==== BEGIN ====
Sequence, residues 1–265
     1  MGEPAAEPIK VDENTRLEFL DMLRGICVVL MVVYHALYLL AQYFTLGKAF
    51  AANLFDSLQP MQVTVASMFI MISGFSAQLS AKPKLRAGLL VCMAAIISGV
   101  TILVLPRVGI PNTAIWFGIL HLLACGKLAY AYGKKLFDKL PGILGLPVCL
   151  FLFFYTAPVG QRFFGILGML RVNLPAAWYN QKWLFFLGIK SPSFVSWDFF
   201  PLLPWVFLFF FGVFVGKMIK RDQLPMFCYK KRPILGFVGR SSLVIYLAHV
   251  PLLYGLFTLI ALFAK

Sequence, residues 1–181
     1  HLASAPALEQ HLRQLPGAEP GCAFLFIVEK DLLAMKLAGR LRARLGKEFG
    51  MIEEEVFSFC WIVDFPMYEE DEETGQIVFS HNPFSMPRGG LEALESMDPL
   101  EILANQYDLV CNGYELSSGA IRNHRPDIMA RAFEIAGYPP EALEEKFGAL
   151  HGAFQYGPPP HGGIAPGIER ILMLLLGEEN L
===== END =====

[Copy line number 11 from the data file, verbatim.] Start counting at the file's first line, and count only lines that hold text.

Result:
   101  EILANQYDLV CNGYELSSGA IRNHRPDIMA RAFEIAGYPP EALEEKFGAL